A capacity building workshop on the management of psycho-traumas,  was organized by Mercy ships and Tributaries International for religious leaders, health, and mental health professionals in Douala (from 25th to 29th April 2016)  and Yaoundé (from 2nd to 6th May 2016) respectively. 

Yaoundé trainee of the mercy ships and tributary international psychotrauma capacity training; the presence of late secretary of state Alima Hayatou gave the event its official importance.

 

On the 21st of October 2016 a train derailment occurred in Eseka in the Centre region of Cameroon killing 79 people from official sources and leaving several hundred wounded. This crisis situation was unique in the history of public accidents in Cameroon, and immediately led to the mobilisation of mental health professionals by the MoH’s mental health department to provide support and mental healthcare to the affected communities, to families and victims. For about a month following the accident several mental health professionals worked as volunteers in very difficult conditions to support and bring mental healthcare to families and victims of the accident. Most of the human resources for this work came from associations such as “UNIPSY et Bien-etre” which provided volunteers at all stages of the crisis intervention process. Unfortunately a lack support from the government halted the efforts.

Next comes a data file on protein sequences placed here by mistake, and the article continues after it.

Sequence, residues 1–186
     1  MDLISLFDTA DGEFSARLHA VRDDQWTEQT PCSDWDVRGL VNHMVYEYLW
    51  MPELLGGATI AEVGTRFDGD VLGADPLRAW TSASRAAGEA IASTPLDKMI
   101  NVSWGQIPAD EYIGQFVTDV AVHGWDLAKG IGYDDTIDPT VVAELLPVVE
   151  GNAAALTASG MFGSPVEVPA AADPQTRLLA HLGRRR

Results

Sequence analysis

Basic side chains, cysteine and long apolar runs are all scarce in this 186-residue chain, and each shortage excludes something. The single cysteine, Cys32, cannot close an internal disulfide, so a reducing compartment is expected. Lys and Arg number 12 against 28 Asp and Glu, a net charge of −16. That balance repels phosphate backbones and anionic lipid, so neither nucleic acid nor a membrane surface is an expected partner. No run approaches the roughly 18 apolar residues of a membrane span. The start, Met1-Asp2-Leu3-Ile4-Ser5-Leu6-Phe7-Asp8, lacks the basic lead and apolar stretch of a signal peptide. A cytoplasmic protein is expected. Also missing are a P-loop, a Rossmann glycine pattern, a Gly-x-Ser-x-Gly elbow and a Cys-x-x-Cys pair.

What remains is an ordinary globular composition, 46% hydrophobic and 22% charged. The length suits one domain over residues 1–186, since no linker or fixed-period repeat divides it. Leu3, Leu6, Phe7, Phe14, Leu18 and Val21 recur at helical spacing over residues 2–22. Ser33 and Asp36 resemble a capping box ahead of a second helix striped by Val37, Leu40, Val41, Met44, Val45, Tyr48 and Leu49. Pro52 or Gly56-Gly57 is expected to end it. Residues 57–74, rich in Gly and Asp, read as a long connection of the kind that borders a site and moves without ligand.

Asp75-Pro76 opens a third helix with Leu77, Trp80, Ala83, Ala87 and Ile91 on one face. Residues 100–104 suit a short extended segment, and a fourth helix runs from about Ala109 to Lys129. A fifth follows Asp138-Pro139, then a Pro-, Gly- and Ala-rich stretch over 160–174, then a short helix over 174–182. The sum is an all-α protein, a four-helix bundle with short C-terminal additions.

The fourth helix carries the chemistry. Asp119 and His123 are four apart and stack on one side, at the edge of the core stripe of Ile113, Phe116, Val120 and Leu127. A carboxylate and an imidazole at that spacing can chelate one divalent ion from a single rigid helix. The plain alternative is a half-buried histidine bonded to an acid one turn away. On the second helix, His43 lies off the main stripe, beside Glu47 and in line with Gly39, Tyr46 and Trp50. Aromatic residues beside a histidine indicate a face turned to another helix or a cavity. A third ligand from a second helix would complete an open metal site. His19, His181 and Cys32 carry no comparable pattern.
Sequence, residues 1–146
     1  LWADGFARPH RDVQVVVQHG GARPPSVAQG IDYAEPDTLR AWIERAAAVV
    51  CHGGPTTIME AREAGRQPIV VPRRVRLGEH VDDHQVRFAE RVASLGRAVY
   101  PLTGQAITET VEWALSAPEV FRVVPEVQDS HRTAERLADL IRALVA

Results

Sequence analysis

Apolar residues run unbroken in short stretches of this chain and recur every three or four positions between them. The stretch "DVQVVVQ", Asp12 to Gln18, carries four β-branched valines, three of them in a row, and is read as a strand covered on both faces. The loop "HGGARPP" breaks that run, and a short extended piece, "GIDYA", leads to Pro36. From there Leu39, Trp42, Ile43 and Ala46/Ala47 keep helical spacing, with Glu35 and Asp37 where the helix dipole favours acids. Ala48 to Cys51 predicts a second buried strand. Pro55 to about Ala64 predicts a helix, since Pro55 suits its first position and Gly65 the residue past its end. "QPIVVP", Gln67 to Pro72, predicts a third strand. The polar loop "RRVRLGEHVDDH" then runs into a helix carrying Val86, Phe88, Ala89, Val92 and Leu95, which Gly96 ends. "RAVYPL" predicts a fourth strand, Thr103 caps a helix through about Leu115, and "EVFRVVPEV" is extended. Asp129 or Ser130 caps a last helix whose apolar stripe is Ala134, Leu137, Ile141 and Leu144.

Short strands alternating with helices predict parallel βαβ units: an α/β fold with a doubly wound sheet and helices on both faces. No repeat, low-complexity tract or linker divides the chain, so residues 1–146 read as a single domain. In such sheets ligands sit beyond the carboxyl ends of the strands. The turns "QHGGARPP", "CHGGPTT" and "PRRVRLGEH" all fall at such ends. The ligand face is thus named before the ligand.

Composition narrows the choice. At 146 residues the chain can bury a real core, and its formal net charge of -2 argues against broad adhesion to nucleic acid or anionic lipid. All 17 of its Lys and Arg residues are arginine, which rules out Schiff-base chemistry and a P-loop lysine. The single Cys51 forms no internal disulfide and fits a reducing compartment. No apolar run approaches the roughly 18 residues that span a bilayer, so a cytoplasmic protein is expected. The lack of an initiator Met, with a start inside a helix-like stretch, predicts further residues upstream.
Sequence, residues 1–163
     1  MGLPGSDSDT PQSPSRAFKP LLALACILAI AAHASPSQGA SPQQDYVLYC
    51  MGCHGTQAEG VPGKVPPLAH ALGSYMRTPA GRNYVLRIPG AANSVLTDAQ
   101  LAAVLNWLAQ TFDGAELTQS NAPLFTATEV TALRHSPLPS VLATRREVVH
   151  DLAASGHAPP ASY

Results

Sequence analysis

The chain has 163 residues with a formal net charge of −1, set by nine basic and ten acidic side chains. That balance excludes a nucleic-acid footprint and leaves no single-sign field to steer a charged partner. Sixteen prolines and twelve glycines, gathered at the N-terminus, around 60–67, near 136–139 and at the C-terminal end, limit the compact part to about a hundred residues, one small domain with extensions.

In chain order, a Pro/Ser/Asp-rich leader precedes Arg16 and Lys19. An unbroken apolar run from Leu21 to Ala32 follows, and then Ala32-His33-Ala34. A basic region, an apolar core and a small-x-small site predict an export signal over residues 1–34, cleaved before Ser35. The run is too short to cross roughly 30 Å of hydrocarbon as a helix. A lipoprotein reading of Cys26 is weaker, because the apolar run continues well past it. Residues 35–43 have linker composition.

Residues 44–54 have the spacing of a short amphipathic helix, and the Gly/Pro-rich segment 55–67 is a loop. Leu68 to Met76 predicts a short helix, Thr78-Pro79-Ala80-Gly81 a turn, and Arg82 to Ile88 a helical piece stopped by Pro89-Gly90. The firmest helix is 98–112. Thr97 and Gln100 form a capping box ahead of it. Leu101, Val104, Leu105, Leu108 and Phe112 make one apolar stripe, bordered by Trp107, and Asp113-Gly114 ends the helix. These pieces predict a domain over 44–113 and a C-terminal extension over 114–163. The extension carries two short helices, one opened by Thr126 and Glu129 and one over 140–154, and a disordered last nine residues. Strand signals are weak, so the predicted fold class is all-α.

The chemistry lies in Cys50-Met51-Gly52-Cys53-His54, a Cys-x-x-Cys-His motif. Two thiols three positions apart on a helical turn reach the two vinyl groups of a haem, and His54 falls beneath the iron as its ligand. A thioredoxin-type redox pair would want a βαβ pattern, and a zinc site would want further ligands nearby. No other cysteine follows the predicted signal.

C:\Users\psyche\Desktop\photos for ICPD\Photo Didier De Masso Eseka 22-10-2016 one of the sites of the Crash-1.jpg    C:\Users\psyche\Desktop\IMG_20161023_113058.jpg

From top to bottom, on the site of the Eseka train incident with the sub directorate of mental health of the Ministry of Public Health and UNIPSY et bien-etre president Joel Djache

 

Political commitment to make mental health part of Cameroon’s healthcare practices is enshrined in its 1996 constitution (art.16). More concretely, 20 years later on the 26th of October 2016, the Ministry of Public health headed by Andre Mama Fouda validated a series of very important documents laying systematically foundation for Cameroon’s mental health system namely; a mental health policy, a mental health plan and a programme, guidelines procedure on treatment of some mental health disorders. 

The mental health movement that started in Cameroon in 2015 has completely changed how mental health is perceived and practiced. Many more organisations have now emerged since then, working at various community levels and even in humanitarian settings. Despite the lack of structural and financial resources, the engagement of a community of mental health organisations and individuals is deep, mental health leadership is under construction. The institutional support of the sub-directorate of mental health of the Ministry of Public Health is extremely empowering. A favourable climate is present; the need to invest in mental health, supporting local initiatives is becoming pressing as never before. I dream of a mental healthcare system in Cameroon that will be for all and everywhere.